An Interview with Abel Ferrara

From: Abel Ferrara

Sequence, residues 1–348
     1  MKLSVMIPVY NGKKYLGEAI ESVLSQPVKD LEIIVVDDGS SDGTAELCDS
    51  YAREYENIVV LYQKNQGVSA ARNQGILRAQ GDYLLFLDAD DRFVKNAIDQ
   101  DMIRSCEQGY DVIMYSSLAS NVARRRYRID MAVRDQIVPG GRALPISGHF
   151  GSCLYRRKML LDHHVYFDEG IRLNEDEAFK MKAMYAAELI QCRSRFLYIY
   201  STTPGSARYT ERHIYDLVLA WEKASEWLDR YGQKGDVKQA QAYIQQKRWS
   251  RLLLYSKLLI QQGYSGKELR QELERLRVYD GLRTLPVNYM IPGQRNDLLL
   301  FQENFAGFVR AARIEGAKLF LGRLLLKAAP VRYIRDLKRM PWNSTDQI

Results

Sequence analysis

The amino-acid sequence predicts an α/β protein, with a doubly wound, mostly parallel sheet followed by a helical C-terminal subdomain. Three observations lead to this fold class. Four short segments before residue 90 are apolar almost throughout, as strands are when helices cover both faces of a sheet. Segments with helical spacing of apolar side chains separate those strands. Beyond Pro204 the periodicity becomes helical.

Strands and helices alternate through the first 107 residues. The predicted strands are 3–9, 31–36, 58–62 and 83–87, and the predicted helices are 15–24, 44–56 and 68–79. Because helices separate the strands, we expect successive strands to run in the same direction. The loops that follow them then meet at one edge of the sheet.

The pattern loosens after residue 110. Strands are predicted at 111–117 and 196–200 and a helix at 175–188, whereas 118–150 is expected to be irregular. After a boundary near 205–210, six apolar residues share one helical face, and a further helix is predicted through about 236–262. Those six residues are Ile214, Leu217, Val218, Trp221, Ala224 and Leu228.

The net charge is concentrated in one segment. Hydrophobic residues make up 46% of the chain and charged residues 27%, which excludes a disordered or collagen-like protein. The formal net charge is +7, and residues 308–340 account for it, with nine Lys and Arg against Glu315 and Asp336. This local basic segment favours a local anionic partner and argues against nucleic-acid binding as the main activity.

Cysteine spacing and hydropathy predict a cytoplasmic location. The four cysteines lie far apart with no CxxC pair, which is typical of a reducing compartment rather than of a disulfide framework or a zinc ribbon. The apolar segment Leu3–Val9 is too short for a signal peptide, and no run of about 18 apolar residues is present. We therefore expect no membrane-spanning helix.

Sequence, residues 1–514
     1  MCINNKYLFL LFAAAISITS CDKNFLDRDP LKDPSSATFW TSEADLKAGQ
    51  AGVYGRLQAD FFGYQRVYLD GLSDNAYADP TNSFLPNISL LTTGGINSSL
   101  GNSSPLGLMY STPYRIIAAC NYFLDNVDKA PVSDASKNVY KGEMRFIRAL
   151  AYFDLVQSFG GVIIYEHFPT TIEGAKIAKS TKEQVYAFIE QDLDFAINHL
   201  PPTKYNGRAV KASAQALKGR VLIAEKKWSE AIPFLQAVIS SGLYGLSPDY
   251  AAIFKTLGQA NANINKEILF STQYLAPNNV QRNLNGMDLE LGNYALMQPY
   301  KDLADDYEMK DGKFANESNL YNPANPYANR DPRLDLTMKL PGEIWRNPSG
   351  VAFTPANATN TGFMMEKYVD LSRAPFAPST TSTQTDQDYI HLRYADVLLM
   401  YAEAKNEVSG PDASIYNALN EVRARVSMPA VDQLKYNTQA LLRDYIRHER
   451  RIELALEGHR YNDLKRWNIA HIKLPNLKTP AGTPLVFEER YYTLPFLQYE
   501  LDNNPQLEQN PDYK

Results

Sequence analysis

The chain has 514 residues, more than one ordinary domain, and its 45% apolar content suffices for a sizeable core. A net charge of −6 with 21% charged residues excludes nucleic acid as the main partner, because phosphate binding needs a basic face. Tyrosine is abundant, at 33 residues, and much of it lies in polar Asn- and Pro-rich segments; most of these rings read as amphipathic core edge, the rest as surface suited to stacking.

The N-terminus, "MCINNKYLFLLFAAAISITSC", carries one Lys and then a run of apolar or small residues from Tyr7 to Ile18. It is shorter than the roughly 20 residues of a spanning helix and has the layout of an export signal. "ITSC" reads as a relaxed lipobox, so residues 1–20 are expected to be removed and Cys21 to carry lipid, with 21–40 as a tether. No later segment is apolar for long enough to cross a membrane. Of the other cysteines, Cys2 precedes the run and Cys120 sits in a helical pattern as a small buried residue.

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An Interview with Abel Ferrara The following is the transcription of a question-and-answer session following a screening of ’R Xmas at the Cinémathèque Française in Paris on 9 April 2003. Ferrara appeared with his producer and frequent collaborator , Frank DeCurtis. Jean-François Rauger is the director of the Programation Department. abel ferrara: All right, so, I hope everyone enjoyed the film. So, speak, talk, somebody . . . jean-françois rauger: May I start? I think that the film is very close to Bad Lieutenant, because it’s about good and evil, and the fact that you may do wrong things, but you cannot know that you are wrong. Am I right? af: Right! [Gestures to the lights in his face.] Kill it, man, please! [Lights go off.] All right, yeah, what does everybody think? Does anybody have a reaction to that? Don’t be shy! Somebody, somebody break the ice! 166 | Abel Ferrara spectator 1: I would disagree with Jean-François’s comment . . . af: Stand up so we can hear you! What’s your name? Talk to everybody . Don’t be shy. Speak in French, somebody can translate. s1: What struck me in this film is that you’re coming much closer to the reality of social life. af: And how does that make it cinema? I mean, if we’re filming . . . s1: No, no. What you are doing here, what strikes me rewatching it, are the continuous dissolves and fades, which bring the film closer to The Addiction, with its theme of vampirism. But I’m not a critic. af: It’s okay, we’re all critics. Well, the point is, this is the other side of King of New York. Here, one gunshot goes off and he shoots the basketball, as opposed to God knows how many gunshots were fired in King of New York. We make these films, all these people getting killed, and maybe we’re not feeling what we should be feeling. It’s not a film about gunshots but about the reality. If a gun went off, in the reality of this situation, everybody would be hiding under their cars and not coming out of their houses for weeks. Friends of mine couldn’t stand the film because the hero of the film, Lillo Brancato, was afraid. He was scared. He gave up the information right off the bat. Which is somebody I could relate to a lot more than I can to Larry Fishburne or Frank White in King of New York. That makes sense, but is it cinema? So, what do you guys feel about the film? Would you rather see King of New York, or this, or something different? s1: May I go on? af: Keep going, baby! Please, please. We’re here for four or five hours. I’ve got a two-hour speech. s1: I would like to compare the film to Body Snatchers in their approach to consumerism and society. But also, you’re focusing on the emotions between the principal characters. af: Right! Very good! frank decurtis: Very well put! af: [Picks up the microphone.] Yo! HOW’S EVERYBODY DOING? ONCE UPON A TIME IN THE GHETTO! [Laughs, puts microphone back.] So, somebody in the back, ’cause I know people in the back always have the most wonderful things to say. spectator 2: Are your films about redemption? af: Well . . . redemption is a twenty-four-hour, seven-days-a-week process, I mean, who wants to be redeemed? I think these people . . . we put “to be continued,” or “to be cunt” [laughs], “cont. . . .” [He points at DeCurtis.] That was his choice of words. In the end, I think these people needed to be educated before they could be redeemed. jfr: But there is no difference between good and evil in your films. God is not watching, he’s blind. af: God is blind! God wears sunglasses! [Laughs.] God’s not blind! He’s all-seeing and He’s all-knowing. And He made the trees. . . . For Ice-T there is a God, that’s what he feels, he’s telling her [Drea de Matteo ] she’s feeding drugs to children. I think he is speaking for a very . . . you know . . . moral high ground. He’s saying that what you’re doing is a hundred percent wrong. She’s confronted with the fact that she’s doing wrong. She’s trying to deny what she even does. Nobody even takes drugs in...


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